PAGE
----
Lesbian Hawaii State Rep. Jo Jordan Explains Why She Voted Against Marriage Equality
Lesbian Hawaii state Rep. Jo Jordan caused quite a stir when she became the first openly gay legislator in the nation to vote against marriage equality.
Now she's explaining her vote (and reflecting on reaction from the LGBT community) in an interview with Honolulu Magazine. Jordan says (via Queerty):
It has been interesting. I am not part of any faith-based group, so I walked in thinking those were going to be the ones going, grrrr, grrrr. But unfortunately, it’s been coming from my community during the hearing. I was like, ‘Wow, so much for minorities that have been suppressed.’ But I’ve got to look at it this way: Maybe they feel they’ve been suppressed for so long that they no longer can contain it and they are just going to lash out at anything without thinking first. But I have to keep that faith to help me not take it personally. It’s not about who is right and who is wrong. It’s about, are we creating a measure that meets the needs of all?
I had come to the decision that SB1 needed to amended. It wasn’t protective enough for everybody. And I truly know, my GLBT community is not going to go somewhere where they are not welcome. They are not going to go, “Pastor, you need to marry us, even though it is against your grain.” Because they want their happy day to be a happy day. A couple isn’t going to step into something that’s not warm and welcoming. We’re really looking at those fringe guys, those ones that pop up on the edges that say, “You’re treading on my rights, so I’m going to come and challenge you.”
When you look at a measure, you have to consider, how do we make this the golden standard, as bulletproof as possible? My major concerns on SB1 was, first, the parental maternal rights, 57-2c, that wasn’t healthy. That definitely needed to be fixed. The religious exemption was not adequate enough. And the divorce portion in there is not fair. We’re talking about creating equity. They have made a provision here where you don’t have to domicile here. And I totally get what they’re saying, but I have some serious problems with that. We should at least make some sort of domicile in our state, so they can file for divorce here.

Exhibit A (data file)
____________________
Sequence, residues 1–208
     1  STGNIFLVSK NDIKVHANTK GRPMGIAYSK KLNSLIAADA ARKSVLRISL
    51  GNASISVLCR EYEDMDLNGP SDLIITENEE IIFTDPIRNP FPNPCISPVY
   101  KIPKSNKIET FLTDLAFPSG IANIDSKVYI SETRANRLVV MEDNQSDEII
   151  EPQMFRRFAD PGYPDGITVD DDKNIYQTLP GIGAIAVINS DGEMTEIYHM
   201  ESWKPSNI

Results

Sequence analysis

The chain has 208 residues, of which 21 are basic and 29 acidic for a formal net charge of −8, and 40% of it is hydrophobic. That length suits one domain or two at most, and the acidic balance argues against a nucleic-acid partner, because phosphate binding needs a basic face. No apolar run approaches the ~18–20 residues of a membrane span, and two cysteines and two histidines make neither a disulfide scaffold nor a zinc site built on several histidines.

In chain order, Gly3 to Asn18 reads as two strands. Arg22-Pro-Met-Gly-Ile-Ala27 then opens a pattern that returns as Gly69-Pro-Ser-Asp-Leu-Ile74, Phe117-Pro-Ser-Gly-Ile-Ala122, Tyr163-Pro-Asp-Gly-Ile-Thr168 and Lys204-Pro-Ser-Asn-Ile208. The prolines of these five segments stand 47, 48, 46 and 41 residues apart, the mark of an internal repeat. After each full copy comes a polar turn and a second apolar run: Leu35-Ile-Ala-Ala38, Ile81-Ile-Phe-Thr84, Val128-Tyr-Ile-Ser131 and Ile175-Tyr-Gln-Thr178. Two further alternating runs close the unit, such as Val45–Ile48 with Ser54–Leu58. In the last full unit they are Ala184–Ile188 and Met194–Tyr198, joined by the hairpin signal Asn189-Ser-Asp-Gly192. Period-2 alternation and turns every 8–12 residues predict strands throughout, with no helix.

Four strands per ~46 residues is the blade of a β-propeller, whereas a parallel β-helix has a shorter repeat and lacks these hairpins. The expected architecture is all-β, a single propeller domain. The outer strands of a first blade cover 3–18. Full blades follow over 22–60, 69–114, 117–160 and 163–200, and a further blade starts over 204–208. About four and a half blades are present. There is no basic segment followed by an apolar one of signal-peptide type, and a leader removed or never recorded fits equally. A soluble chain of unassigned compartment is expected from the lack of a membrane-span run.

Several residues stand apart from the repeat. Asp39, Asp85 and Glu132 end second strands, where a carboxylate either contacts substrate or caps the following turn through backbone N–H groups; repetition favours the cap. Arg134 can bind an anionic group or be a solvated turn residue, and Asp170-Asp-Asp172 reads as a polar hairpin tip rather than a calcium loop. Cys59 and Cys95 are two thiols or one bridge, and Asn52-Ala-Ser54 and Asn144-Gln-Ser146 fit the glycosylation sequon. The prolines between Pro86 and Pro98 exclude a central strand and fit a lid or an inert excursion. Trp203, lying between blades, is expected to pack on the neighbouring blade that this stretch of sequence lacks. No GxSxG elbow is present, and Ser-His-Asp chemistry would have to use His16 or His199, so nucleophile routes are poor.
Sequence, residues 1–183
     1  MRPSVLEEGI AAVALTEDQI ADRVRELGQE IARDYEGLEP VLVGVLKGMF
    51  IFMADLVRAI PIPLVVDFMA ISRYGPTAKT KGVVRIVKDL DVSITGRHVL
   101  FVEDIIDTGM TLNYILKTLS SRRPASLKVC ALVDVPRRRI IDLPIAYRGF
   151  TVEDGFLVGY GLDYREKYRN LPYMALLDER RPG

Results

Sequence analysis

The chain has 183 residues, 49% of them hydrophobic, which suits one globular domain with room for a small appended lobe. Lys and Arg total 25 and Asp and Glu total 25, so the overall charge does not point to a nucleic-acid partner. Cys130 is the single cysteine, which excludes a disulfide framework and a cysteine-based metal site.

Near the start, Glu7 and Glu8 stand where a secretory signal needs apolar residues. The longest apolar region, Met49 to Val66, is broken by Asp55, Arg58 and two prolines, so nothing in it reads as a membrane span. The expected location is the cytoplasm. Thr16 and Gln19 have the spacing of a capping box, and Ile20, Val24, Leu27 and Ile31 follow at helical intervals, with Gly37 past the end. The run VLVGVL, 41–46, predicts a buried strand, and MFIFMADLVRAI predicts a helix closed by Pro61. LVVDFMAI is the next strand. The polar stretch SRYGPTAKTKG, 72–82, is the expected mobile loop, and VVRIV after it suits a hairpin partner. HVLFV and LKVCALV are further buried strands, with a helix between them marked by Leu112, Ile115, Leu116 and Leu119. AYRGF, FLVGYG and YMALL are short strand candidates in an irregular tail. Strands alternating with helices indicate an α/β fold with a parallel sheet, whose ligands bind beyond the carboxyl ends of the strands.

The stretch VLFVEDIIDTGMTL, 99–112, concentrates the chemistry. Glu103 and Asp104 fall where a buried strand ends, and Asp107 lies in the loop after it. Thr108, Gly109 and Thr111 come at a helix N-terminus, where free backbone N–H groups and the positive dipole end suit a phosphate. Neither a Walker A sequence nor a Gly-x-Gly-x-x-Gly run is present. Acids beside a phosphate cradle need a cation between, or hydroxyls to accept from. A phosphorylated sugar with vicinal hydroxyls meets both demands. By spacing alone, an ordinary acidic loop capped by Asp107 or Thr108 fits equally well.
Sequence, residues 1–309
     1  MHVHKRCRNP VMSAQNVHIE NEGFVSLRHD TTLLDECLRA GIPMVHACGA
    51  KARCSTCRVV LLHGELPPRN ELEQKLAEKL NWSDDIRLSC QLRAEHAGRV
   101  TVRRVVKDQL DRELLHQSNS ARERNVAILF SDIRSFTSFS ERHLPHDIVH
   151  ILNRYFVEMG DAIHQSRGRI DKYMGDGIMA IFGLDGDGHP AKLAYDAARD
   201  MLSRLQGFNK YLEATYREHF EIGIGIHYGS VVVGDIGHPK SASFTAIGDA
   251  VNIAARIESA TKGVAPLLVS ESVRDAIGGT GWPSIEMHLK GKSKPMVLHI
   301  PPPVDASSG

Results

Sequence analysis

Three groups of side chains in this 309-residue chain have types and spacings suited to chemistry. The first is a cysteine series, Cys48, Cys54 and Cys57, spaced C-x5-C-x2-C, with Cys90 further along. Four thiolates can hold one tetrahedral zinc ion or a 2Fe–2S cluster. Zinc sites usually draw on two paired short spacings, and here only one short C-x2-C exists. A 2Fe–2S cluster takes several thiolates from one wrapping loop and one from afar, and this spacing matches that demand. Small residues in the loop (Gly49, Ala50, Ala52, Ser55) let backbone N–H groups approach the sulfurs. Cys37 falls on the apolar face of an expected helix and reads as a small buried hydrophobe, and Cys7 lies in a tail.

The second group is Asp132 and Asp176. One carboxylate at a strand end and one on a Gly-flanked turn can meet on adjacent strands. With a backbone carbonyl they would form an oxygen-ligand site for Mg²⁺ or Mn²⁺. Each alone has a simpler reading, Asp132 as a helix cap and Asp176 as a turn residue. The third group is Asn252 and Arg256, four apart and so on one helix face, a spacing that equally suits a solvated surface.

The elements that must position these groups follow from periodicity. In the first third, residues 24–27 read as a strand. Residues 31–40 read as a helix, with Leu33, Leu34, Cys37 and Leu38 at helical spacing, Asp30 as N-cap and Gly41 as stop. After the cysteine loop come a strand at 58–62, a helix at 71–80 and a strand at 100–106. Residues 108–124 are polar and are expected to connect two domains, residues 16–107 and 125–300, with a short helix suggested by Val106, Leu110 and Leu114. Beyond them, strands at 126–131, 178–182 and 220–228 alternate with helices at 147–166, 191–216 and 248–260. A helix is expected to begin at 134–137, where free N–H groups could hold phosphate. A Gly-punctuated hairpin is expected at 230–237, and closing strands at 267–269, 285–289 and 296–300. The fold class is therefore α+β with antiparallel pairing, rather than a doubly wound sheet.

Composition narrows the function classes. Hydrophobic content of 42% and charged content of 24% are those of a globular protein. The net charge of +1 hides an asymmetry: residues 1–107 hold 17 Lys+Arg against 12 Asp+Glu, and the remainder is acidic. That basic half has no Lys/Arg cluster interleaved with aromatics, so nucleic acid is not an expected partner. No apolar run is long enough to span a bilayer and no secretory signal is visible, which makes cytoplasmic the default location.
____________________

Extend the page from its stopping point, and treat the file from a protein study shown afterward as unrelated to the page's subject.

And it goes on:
I really am not happy with the exemptions. Too narrow.
I’m not here to protect the big churches or the little churches, I’m saying we can’t erode what’s currently out there. We don’t want to scratch at the religious protections at all, because if we don’t create a measure that’s bulletproof, or as close to bulletproof as possible, then the measure will go to the courts. And they will interpret it however that may be. A judge will make assumptions and make a ruling, and that will become the law of the land. So you really want us to create the legislation.
I haven’t figured out why I felt so compelled to fight for the religious exemptions, to not erode Constitutional rights. I don’t belong to any particular denomination. I don’t wear one of those hats. I take religion out of everything. My religion is the mountain, the aina and spiritual. Everybody finds their own religion somewhere. I have the same values as they do, but it’s just a little different. When I walked into this session, that rose to the surface. Why me? Why am I trying to protect your religious rights?
I’m still trying to figure out. I’ve always followed paths. I don’t find the path. The path finds me. This, obviously, is a path I’m supposed to go. You’re not supposed to question. Just ‘OK.’
At the end of the day, the way SB1 HD1 is written right now, walking into the third reading I can’t say it is written the best that we can provide to all. If that’s at the risk of not allowing same-gender couples to get married on Dec. 2, I can’t stop that, I’m sorry. We want to make sure it’s good. It’s not about who gets to the finish line first. It’s just not.”
What do you think of the rationale behind her vote, Instincters?